Tuesday, 25 November 2014
For he who eats and drinks in an unworthy manner eats and drinks judgment to himself, not discerning the Lord’s body. 1 Corinthians 11:29
“For” builds upon the previous thought concerning the taking of the Lord’s Supper. Paul has just noted that partaking in an unworthy manner makes one guilty of the body and the blood of the Lord. Therefore, a self-examination should occur before one partakes. And the reason for this is given in what follows the opening word “for.” It is because “he who eats and drinks in an unworthy manner eats and drinks judgment to himself.”
In this, a connection is being made between the judgment symbolized in the elements: that of the death of the Lord, and that of the judgment which one drinks to himself when partaking of those same elements in an unworthy manner. If what Jesus did is treated in an impious or flippant manner, then judgment is to be necessarily expected for that attitude.
The type of judgment is explained in the coming verses, 30-32. It is explicitly noted as temporal, or earthly judgment. And this is what should be expected. If a non-believer partakes of the elements, then there is no true meaning to that non-believer in what they are doing, therefore, no true judgment would work to correct their unbelief. However, if a believer (which is whom Paul is implying in his words) partakes in an unworthy manner, then a temporal judgment, resulting in temporal punishment should be the logically expected outcome. They are already saved by Christ. Therefore, what they need is correction in this life, not in the next.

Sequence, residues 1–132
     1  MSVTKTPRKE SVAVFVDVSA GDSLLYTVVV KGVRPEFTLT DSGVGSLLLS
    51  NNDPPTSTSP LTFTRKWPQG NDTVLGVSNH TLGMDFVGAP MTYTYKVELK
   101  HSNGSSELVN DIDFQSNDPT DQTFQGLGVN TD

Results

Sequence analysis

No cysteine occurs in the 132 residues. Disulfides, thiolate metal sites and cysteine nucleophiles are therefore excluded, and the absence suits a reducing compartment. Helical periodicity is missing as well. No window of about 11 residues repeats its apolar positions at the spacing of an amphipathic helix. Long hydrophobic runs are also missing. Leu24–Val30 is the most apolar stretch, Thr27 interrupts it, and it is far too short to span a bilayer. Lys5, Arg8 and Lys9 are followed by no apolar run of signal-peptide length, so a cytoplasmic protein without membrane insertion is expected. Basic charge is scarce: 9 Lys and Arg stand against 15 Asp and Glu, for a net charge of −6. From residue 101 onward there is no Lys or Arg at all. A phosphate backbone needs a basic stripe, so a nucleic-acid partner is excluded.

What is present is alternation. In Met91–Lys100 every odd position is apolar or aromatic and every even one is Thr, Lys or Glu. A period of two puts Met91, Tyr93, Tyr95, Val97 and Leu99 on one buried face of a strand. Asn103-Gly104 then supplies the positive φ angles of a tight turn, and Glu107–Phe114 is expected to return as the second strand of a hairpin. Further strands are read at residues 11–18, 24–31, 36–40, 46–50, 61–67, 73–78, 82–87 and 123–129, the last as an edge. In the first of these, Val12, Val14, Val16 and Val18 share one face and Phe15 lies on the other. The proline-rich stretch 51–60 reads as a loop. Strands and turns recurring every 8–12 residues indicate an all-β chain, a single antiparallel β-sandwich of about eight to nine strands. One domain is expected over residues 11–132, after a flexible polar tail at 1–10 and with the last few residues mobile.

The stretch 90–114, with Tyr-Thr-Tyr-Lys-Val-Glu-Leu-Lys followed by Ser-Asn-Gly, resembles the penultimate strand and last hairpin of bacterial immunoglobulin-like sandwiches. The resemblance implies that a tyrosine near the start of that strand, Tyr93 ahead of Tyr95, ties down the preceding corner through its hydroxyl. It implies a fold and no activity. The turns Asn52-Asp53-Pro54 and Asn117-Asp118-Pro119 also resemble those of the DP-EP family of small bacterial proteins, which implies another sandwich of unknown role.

And all of this is expected because of “not discerning the Lord’s body.” There was no distinction made between what is holy and what is profane. It implies eating and drinking as if the elements are common and it fails to make the necessary connection to the work of Christ on our behalf.
The King James Version has the most unfortunate and confused rendering of “eateth and drinketh damnation to himself.” Some speculate that the term “damnation” which they use may have had less force at the time of the translation, but this is improbable. A review of the other uses of the word “damnation” in the KJV point particularly to the punishments of hell. But the word translated here is krima. It is more properly rendered “judgment.” As Vincent’s Word Studies notes, krima “is a temporary judgment, and so is distinguished from katakrima – condemnation, from which this temporary judgment is intended to save the participant.”
This mistranslation has caused many to fall into neuroses over the taking of the elements and it has led many to not take them at all. This then is exactly the opposite of what is actually commanded in that we are, as the Lord says, to participate as “often as you drink it, in remembrance of Me.”
Life application: If you have been saved by the blood of Christ, you will never become “unsaved.” However, your actions may have consequences in this life and they may lead to a loss of rewards in the eternal state. The way to avoid these pitfalls is to know your Bible and apply it to your life.
Heavenly Father, it is so sad to see churches that once held fast to Your word but which now allow the most vile and despicable practices within their walls. What is sacred and holy is treated with contempt. Pagans are allowed to enter the sanctuary and pray to false gods and to trample over the exalted name of Jesus Christ. As long as You give me breath, I will proclaim Jesus and Jesus alone, holding fast to His words that He is the way, the truth, and the life, and that there is no other way to be reconciled to You but through Him. I stand on Christ my Lord. Amen.